On the weekend, there were a few things that got me wondering:
First, was this piece by Sarah McLellan about Coyotes LW Paul Bissonnette, who is hoping to expand his role beyond part-time fourth-line muscle.
Among players with at least 100 minutes of 5-on-5 ice time this season, Bissonnette ranks seventh in points per 60 minutes, which may be a small-sample fluke, but there's a lot of room between Bissonnette's current role and that of a regular in the lineup.
The Coyotes have made sure to put Bissonnette in situations where he can succeed, with offensive zone starts and relatively low quality of competition, but he's generated positive possession numbers over the past three seasons, enough to think that he might warrant consideration for more time. Trouble is, with the Coyotes life-and-death to make the playoffs, they don't seem inclined to give him that opportunity right now.
The second thing that caught my attention was Flyers tough guy Jay Rosehill scoring a pretty nifty goal against the Bruins.
And third, that was against the Bruins, a team that is sort of the prototype for the fighting teams, ranking second in the league with 46 fighting majors this season. The Bruins have Milan Lucic, a first-line winger who fights; Jarome Iginla, a first-line winger who fights; and Shawn Thornton, a fourth-line winger who fights and gets regular ice time (8:32 per game this year and played 22 playoff games last year). Injured D Adam McQuaid and rookie D Kevan Miller are also a couple of tough customers who play third pair minutes for the Bruins.
There's also been a lot of talk this year about Toronto's fourth line which, for a time, included both Frazer McLaren and Colton Orr, and the relative ineffectiveness of that fourth line seemed to cause issues higher up the depth chart. Figuring out playing time for a line that employs two enforcers that don't have enough hockey skills to keep up is, at the very least, challenging.
Finally, with the playoffs around the corner, the time will come when teams make hard lineup decisions and, in many cases, that means the designated enforcer goes to the press box. If he can play a bit, though, that can tilt the decision.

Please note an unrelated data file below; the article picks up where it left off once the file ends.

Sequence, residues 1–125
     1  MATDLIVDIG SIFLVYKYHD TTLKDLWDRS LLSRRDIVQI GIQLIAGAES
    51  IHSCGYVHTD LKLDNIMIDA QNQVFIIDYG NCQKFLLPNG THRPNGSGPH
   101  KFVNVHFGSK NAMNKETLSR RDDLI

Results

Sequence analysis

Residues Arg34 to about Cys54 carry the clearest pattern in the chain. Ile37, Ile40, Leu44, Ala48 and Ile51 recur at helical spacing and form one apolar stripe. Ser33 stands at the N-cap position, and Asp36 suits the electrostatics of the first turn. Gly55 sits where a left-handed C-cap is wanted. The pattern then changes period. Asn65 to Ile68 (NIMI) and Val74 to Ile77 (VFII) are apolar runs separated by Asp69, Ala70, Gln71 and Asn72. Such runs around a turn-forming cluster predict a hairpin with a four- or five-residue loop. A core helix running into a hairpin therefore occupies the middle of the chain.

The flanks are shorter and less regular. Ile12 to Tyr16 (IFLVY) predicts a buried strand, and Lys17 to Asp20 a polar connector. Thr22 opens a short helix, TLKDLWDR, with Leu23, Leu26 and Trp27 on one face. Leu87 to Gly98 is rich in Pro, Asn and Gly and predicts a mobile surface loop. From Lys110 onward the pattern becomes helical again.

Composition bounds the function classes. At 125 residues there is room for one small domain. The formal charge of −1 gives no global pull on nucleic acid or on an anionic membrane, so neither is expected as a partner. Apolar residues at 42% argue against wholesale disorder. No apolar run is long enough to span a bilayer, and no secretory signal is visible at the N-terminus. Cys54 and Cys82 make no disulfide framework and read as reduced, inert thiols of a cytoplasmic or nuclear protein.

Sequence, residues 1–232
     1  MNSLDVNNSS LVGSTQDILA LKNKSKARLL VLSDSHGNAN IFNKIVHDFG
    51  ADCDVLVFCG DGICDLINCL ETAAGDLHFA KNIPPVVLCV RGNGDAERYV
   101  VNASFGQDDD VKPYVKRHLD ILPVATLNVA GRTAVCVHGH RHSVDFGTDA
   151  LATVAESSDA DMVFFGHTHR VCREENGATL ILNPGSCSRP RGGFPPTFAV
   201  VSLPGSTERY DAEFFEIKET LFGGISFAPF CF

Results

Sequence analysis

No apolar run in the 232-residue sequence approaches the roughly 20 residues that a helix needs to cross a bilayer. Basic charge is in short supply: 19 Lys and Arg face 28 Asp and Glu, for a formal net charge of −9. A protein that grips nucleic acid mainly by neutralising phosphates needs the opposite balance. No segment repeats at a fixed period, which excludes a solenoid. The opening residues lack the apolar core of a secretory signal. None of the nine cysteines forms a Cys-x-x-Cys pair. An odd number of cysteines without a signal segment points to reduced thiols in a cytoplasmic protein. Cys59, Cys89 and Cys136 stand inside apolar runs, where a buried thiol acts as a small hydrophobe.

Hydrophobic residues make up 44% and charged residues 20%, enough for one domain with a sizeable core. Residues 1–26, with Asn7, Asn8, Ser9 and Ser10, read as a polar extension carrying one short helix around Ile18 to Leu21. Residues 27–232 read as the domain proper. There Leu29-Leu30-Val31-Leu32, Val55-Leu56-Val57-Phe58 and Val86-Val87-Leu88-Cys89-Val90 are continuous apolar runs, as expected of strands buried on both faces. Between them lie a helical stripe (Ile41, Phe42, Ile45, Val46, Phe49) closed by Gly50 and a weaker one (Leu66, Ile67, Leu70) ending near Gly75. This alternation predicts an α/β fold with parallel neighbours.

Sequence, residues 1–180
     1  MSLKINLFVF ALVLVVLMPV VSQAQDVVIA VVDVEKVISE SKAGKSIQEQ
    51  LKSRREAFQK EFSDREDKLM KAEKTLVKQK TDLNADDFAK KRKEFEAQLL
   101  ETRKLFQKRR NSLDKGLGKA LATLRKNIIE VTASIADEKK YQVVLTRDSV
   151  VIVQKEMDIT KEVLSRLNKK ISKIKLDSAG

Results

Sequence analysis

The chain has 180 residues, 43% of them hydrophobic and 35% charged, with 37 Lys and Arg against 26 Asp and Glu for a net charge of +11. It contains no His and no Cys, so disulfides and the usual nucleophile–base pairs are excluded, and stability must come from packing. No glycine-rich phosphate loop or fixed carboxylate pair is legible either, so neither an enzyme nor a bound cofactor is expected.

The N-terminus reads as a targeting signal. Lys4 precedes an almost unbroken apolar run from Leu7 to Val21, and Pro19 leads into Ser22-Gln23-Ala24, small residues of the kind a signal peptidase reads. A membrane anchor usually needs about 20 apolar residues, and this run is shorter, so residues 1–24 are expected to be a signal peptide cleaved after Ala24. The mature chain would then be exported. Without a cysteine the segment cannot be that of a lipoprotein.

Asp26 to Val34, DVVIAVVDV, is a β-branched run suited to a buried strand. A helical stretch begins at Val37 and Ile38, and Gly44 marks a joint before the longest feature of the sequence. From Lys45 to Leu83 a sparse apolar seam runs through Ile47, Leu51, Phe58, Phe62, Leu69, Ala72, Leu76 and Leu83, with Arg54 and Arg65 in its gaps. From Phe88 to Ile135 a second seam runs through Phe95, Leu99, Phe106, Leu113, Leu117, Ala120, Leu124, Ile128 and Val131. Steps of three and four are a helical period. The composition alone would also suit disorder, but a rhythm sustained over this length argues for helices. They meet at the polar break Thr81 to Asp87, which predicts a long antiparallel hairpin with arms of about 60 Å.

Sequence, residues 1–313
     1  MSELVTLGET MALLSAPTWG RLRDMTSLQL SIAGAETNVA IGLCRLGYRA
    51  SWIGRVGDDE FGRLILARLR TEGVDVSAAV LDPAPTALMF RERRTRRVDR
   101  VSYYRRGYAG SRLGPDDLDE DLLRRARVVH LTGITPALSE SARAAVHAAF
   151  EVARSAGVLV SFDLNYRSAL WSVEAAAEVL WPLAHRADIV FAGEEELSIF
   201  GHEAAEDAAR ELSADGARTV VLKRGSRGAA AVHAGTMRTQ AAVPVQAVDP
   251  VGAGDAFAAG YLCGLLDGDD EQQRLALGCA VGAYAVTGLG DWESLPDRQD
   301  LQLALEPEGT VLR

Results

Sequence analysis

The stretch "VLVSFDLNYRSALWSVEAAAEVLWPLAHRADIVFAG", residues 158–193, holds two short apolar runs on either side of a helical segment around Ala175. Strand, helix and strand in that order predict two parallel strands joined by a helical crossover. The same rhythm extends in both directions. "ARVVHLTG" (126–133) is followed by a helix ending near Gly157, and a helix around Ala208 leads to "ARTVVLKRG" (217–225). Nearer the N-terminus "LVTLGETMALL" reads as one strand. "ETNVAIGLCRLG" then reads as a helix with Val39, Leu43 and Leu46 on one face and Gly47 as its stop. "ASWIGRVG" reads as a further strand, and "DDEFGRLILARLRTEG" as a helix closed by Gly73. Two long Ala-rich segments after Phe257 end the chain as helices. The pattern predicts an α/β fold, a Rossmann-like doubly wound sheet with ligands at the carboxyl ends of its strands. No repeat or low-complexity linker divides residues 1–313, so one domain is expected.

So, all of this wondering led me to try and find out which of the league's fighters are actually doing enough to warrant regular ice time; basically, who can play?
One look at hockeyfights.com provided a list of 75 players that might be considered fighters (there are probably a few more that could have been included), but it was basically every player involved in at least five fights this season, plus a select few that had four and come with a reputation/track record (Steve Ott, Steve Downie, John Scott, Troy Bodie) and then Bissonnette, who has fought only three times in 37 games.
There is an obvious top tier, which includes Iginla (with his most fights since 2009-2010), Lucic and Philadelphia's Wayne Simmonds, forwards that play on scoring lines, but have an aggressive side that comes out on occasion. They might as well be excluded from the examination because, even with zero fights, they clearly produce enough offensively to play prominent roles on their respective teams.
Teams can use tough guys in lower-leverage situations. As Tyler Dellow pointed out a couple of weeks ago, teams can be judicious in their use of their tough guys, which mitigates their liability, but if the tough guys can't play a lick, it makes it increasingly difficult to be judicious.